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Science + Tech

Our Once Most Common Bee Needs Saving. Here's What We Can Do

We need a radical change to protect the beleaguered pollinator.

Michelle Gamage 10 Mar

Michelle Gamage is a Vancouver-based journalist with an environmental focus who regularly reports on climate for The Tyee. You can find her on Twitter @Michelle_Gamage.

B.C.’s once most common bee has been devastated by climate change, according to a report created for the U.S. government to determine whether the insect should be protected under the country's Endangered Species Act.

Heat waves and droughts have decreased the fuzzy, white-bummed bee’s presence by 57 per cent since 1998 across its wide-ranging habitat, which stretches from Alaska to central California and inland into the Northwest Territories, southern Saskatchewan and South Dakota.

As climate change progresses. The western bumble bee, or Bombus occidentalis, could be all but wiped out from its historic habitat, which ranges from alpine meadows to forests to Prairie grassland.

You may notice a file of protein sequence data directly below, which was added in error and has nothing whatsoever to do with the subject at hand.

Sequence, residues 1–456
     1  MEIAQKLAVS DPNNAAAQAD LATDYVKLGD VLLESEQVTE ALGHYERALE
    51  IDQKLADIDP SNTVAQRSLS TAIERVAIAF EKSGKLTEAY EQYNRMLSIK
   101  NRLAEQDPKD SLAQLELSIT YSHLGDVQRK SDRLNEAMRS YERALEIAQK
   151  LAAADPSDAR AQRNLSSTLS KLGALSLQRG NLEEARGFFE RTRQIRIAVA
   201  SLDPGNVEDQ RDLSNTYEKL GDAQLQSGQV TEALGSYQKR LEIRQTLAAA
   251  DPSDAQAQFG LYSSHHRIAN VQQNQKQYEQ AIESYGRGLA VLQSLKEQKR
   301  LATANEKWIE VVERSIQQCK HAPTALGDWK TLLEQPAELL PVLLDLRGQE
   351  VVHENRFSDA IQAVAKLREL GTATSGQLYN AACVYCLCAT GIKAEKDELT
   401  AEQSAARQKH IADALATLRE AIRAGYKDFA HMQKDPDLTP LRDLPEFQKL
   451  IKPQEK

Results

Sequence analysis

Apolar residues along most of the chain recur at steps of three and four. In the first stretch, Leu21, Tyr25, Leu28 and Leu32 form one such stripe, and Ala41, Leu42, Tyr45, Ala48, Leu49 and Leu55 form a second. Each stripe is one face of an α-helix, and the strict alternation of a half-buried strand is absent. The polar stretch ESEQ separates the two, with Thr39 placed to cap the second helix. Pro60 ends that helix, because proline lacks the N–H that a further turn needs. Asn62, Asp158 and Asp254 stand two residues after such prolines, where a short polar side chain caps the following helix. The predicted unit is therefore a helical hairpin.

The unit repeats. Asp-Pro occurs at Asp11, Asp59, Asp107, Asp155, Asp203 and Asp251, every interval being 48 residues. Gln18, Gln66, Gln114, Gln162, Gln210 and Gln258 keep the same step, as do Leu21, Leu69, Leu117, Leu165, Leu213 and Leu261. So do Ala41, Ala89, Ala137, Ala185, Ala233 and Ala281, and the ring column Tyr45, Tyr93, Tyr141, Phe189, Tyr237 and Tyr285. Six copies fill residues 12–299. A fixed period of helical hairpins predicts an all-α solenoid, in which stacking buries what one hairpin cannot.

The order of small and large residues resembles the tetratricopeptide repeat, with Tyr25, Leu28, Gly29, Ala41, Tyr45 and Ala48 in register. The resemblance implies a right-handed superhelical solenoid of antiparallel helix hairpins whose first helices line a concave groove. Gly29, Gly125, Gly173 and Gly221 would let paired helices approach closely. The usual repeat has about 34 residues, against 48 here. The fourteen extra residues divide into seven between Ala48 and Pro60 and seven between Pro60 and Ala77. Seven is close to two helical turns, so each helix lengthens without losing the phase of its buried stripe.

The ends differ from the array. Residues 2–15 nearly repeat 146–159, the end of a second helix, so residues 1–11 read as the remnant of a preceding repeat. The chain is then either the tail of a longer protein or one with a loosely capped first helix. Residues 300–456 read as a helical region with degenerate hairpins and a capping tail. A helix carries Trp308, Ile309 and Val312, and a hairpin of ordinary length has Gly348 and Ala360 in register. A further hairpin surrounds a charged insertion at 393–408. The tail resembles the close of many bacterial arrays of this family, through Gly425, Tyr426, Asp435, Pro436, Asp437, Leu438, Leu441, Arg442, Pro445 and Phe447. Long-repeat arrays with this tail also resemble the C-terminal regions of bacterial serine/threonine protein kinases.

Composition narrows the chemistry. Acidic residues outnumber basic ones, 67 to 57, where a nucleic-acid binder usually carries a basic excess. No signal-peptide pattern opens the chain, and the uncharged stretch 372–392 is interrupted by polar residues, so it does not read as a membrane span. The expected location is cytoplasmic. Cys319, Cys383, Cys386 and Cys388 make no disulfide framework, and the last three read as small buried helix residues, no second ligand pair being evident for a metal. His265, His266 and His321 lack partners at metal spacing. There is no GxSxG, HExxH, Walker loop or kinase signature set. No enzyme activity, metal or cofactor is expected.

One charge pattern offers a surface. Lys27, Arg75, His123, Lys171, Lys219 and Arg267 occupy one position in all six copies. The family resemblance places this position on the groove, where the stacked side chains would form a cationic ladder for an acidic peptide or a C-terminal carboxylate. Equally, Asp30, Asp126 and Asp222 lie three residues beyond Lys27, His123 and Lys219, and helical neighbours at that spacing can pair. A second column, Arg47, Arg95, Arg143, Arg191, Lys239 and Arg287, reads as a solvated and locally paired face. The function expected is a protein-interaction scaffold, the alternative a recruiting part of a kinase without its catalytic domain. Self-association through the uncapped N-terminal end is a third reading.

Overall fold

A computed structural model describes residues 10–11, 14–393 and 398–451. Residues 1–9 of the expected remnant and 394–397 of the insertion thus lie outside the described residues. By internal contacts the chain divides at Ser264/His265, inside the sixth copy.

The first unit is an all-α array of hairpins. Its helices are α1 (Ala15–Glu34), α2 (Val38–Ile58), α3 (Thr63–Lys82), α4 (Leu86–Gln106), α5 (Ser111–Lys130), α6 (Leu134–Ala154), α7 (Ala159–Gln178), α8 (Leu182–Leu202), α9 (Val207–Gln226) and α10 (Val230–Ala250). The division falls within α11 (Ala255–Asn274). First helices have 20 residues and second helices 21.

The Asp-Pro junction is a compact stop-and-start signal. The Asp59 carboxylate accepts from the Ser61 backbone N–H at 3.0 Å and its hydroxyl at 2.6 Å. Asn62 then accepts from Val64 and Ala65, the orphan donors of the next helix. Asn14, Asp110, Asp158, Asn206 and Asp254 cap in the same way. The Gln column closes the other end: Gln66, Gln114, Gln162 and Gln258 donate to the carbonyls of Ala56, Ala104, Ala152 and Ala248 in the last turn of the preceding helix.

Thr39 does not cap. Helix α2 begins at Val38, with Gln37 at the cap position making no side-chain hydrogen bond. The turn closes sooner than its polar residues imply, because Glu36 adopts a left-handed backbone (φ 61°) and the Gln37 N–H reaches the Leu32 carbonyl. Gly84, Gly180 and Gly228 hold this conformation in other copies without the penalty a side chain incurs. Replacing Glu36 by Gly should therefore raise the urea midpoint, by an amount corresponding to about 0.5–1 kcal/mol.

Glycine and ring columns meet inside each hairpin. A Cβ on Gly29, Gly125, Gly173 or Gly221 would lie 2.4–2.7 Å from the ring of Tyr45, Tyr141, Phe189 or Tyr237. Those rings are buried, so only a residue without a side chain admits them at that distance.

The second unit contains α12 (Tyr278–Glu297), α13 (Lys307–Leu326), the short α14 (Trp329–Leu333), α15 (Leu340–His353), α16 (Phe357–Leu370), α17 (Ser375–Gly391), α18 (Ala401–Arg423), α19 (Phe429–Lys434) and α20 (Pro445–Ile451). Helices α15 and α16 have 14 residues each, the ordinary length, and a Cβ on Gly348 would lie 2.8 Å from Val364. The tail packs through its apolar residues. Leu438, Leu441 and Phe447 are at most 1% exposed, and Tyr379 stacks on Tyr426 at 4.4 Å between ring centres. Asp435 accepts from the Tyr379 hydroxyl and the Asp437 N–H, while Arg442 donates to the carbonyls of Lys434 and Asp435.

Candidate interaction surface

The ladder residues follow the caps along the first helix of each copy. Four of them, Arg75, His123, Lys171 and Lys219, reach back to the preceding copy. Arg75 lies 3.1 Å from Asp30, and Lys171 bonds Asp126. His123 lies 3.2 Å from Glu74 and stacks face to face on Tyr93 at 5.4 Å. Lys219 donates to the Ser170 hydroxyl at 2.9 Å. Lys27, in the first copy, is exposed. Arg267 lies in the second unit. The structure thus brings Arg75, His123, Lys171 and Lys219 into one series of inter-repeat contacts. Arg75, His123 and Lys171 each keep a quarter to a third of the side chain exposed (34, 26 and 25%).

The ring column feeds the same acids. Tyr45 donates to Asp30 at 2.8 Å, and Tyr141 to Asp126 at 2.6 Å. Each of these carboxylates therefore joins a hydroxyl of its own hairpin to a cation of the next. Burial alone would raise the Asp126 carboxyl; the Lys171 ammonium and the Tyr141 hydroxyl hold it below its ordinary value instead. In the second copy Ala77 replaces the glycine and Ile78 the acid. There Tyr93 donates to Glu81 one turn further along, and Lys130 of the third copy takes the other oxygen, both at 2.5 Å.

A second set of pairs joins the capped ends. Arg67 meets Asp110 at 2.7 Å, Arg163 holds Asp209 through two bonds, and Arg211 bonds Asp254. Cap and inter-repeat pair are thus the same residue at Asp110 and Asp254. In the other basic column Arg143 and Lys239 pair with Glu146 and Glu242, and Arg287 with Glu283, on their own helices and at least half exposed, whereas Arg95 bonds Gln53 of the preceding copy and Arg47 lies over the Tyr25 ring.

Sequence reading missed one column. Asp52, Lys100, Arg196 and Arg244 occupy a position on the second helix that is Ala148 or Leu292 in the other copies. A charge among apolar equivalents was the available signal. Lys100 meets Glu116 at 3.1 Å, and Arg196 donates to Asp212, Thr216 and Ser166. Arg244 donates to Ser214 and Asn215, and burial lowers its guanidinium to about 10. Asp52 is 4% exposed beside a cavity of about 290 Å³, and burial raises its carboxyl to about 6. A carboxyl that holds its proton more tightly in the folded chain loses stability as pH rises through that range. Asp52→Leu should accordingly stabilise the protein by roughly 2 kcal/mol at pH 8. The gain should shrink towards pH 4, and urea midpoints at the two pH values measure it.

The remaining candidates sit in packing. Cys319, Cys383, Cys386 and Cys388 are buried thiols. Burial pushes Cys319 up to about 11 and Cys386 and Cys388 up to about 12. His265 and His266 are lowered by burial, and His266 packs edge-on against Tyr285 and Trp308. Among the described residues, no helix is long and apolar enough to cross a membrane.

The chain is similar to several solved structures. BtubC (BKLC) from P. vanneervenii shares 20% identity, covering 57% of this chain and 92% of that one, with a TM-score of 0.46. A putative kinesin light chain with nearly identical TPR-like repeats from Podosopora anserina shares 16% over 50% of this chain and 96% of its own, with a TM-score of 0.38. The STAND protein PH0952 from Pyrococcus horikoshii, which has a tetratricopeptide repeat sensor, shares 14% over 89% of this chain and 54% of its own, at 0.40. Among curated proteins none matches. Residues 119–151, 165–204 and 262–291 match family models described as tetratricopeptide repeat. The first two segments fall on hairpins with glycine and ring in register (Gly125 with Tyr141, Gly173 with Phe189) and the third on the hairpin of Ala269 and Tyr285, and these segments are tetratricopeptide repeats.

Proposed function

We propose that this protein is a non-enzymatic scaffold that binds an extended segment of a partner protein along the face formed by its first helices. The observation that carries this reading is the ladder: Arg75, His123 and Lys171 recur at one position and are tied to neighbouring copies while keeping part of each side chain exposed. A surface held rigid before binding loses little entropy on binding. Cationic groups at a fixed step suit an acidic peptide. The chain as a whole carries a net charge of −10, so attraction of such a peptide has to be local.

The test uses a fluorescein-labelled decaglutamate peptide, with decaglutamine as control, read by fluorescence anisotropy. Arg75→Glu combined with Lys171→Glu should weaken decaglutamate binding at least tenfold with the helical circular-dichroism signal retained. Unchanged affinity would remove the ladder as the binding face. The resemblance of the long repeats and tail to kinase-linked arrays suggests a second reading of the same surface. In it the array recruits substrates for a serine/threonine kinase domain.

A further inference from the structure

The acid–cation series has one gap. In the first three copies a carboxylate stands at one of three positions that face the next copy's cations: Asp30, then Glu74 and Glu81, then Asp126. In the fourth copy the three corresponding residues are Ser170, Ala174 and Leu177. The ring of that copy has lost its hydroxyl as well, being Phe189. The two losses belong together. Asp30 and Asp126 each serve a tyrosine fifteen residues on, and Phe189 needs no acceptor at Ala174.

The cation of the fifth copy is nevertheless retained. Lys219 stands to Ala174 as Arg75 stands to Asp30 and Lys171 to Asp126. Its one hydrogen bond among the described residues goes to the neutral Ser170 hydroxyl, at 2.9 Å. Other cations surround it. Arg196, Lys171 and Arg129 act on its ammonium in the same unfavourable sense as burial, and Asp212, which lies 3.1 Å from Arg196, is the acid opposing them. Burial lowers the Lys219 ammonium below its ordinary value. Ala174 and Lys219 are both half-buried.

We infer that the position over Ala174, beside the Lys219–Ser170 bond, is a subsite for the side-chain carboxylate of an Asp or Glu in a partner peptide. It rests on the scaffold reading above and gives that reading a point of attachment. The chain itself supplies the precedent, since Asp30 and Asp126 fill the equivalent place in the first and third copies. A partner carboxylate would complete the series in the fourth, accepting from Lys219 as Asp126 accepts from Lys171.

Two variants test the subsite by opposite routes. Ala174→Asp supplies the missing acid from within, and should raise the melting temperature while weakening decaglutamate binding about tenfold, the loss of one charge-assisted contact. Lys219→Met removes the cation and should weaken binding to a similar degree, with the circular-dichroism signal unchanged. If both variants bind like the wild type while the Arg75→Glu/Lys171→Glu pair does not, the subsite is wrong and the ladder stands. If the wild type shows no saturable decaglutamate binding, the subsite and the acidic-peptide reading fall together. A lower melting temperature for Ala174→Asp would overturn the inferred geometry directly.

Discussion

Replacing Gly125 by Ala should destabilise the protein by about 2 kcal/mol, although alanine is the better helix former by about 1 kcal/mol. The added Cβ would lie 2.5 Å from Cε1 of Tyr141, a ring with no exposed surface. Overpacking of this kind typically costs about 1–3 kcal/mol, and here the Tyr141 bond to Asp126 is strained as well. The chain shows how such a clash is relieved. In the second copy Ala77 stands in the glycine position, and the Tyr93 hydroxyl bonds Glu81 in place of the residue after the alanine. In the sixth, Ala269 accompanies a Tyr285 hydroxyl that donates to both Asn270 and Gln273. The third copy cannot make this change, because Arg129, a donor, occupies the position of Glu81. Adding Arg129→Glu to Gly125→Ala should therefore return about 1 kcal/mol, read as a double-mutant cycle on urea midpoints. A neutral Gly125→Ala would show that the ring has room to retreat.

When generalist species that can exist in a wide range of habitats are being harmed by climate change, it's a signal that less noticeable species are also suffering, says Will Janousek, a biologist with the U.S. Geological Survey and co-lead author of the report.

Sarah Johnson, a PhD candidate at Simon Fraser University who specializes in bumble bees says the U.S. report's findings reflect what's happening in Canada — western bumble bees are in trouble.

But how at-risk these bees are for population collapse and whether it's climate change or a combination of a number of human-caused stressors that's decimating western bumble bee populations is hard to say, she says.

The Committee on the Status of Endangered Wildlife in Canada designated the western bumble bee species Bombus occidentalis occidentalis as “threatened” and Bombus occidentalis mckayi as “of special concern” in May 2014. B.C. also considers the bee to be “of special concern.” While the designation “endangered” comes with legal protections in Canada, “threatened” and “of special concern” do not.

The U.S. report, published recently in the Proceedings of the National Academy of Sciences journal, tracked the presence of the bee across its different U.S. habitats from 1998 to 2020, combining 23 years of data, 14,457 surveys and 2.8 million square kilometres.